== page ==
A confluence of factors delayed my Surrey International Writer's Conference round-up, but better late than never, eh?
This year was my fifth(!) SIWC. I always have a great time at this conference, as it blends multiple genres with plenty of writing and publishing-related tracks. Plus, pitch appointments with agents and editors, and sessions with published authors who will critique your work, all-included. I come away refreshed and enthused, in one sense, and completely exhausted in another. But it's a good exhaustion.
This year several keynote speakers impressed, including Ivan Coyote and Robert Dugoni (who co-opted Aragorn's speech in The Return of the King and turned us all into The Writers of Rohan: THIS DAY, WE WRITE!)
Master Class: Next Level Fiction, James Scott Bell
This three-hour class covered a wide range of topics, from craft basics to more detailed tips on refining scenes. I'll only touch on a few here.
Mr. Bell suggests giving yourself a 1-10 rating in each of the following craft areas: plot, structure, characters, scenes, dialogue and voice. Order each from your least proficient to most proficient, then starting with the least proficient, make a resolution that in the next year you will improve each by a factor of 10%.
Plot becomes the record of how a character deals with death, either physical, psychological, or professional. Even comedies usually involve a psychological death of some sort - the characters in a comedy think they are in a tragedy over something trivial.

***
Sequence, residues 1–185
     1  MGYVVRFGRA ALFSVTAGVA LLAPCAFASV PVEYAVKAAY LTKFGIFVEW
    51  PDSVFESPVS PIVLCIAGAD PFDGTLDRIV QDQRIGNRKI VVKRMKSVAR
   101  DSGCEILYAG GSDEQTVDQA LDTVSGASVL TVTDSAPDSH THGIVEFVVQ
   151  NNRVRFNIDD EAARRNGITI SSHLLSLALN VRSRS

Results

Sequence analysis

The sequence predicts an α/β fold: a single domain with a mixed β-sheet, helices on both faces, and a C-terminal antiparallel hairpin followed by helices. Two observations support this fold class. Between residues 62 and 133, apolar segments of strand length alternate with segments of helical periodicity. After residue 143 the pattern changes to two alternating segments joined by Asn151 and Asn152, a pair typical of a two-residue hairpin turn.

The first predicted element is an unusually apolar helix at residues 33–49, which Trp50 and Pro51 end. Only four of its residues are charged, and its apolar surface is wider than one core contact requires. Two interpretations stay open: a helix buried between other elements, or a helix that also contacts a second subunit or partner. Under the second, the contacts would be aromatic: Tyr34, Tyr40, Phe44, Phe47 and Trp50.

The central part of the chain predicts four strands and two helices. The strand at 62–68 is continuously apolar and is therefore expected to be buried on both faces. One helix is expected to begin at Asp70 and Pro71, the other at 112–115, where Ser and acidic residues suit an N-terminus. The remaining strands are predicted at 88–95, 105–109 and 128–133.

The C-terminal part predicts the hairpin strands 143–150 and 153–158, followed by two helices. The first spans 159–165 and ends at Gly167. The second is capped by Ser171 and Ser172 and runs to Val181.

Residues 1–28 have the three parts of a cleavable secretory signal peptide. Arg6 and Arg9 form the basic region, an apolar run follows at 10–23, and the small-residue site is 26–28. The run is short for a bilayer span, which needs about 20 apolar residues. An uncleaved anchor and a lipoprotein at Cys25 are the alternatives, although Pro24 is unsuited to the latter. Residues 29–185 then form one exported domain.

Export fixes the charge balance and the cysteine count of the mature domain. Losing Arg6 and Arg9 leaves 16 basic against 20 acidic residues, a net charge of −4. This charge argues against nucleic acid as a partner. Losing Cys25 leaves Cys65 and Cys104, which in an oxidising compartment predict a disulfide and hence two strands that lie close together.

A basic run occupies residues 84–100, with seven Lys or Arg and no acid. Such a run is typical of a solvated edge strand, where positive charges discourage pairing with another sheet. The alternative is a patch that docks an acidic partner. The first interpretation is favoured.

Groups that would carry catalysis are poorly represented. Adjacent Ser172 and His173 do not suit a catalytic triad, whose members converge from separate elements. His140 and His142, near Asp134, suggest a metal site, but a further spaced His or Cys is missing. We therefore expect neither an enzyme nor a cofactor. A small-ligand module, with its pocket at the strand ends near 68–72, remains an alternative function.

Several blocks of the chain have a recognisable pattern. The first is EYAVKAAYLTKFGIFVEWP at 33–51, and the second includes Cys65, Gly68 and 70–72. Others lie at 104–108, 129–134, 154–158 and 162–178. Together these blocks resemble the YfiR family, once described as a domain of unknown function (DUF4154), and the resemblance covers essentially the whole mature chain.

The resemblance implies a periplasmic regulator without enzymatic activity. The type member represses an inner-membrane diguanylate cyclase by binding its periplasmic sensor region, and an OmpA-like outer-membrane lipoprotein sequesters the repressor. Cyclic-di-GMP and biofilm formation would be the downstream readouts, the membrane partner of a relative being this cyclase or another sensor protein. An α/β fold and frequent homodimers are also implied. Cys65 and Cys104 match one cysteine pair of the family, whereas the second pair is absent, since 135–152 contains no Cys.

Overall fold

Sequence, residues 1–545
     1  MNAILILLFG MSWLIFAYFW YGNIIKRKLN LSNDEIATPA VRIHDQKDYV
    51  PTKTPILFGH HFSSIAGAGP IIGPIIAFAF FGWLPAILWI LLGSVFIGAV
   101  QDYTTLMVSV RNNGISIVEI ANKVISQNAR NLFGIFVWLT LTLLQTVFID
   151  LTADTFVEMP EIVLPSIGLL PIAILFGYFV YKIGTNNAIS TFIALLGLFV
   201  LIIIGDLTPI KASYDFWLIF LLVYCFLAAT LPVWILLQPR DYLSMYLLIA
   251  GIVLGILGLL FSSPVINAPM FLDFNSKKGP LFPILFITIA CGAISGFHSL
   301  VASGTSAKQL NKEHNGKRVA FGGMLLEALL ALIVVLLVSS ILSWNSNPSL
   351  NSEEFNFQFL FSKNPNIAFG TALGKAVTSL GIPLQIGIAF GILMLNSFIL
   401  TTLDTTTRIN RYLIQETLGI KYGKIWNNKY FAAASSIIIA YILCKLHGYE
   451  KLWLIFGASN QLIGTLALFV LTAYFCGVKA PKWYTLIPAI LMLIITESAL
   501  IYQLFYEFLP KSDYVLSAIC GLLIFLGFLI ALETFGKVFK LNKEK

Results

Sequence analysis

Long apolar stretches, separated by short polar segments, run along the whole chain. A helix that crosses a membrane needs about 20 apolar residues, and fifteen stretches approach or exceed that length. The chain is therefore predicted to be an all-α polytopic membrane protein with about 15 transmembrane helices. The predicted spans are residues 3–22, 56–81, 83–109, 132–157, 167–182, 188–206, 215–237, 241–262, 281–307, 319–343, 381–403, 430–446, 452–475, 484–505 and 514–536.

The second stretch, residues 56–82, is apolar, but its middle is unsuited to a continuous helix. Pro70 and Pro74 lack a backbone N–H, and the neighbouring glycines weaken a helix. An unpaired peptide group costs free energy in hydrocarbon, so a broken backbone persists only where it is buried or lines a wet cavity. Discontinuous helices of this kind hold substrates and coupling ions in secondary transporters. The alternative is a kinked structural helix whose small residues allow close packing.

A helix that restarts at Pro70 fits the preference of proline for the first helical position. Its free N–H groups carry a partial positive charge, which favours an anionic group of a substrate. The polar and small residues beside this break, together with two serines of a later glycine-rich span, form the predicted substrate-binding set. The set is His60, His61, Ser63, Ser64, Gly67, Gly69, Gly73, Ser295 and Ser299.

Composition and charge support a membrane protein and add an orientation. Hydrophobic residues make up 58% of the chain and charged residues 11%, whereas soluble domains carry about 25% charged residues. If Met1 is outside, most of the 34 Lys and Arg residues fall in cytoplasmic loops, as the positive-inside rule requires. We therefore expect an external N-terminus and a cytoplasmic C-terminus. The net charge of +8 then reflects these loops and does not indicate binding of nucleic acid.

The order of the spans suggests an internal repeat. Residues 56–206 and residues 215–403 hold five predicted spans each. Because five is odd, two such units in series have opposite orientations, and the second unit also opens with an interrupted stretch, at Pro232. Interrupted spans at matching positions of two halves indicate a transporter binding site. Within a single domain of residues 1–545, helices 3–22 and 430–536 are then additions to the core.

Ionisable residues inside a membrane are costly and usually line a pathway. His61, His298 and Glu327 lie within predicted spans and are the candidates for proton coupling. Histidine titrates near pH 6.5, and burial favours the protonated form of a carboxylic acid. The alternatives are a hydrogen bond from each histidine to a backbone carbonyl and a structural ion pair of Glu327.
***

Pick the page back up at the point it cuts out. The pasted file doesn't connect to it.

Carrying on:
One way of thinking about story is to use the LOCK system: Lead, Objective, Confrontation, Knock-out Ending. Your Lead can be either positive (a hero with similar values to the community), negative (opposed to the values of the community) or an anti-hero (with their own moral code, who is outside the community and either comes back to it in the end, or stays alienated). Give your Lead an Objective, either to get something (the killer, the answer, a loved one, revenge) or get away from something (escape, the past, the self). A good story has Confrontation (2 dogs & one bone), with a 3-dimensional opposition character, and a Knock-out Ending. From Mickey Spillane: the first chapter of your book should sell your current book. The last chapter of your book sells the next book.
As a writer, don't get too hung up on theme while you're writing. You should, however, be able to articulate your theme once you're done. If you can't, try the following. Take your lead character, and think of them 20 years from now and ask "Why did you have to go through that?". What was the lesson?
In terms of your character arc, not all characters need to change, but if they don't, they should get stronger in what they are. Examples of characters who do the latter are Marge in Fargo, and Kimball in The Fugitive. The character who actually changes in The Fugitive is the Tommy Lee Jones marshall character.
If you've been getting feedback that your story lacks voice, try the following. Read poetry. Read outside your genre. Write page-long sentences (as an exercise, not in your actual book); in these you might find some usable gems. Write for 10 minutes on a single type of description, even if you might only wind up using one line.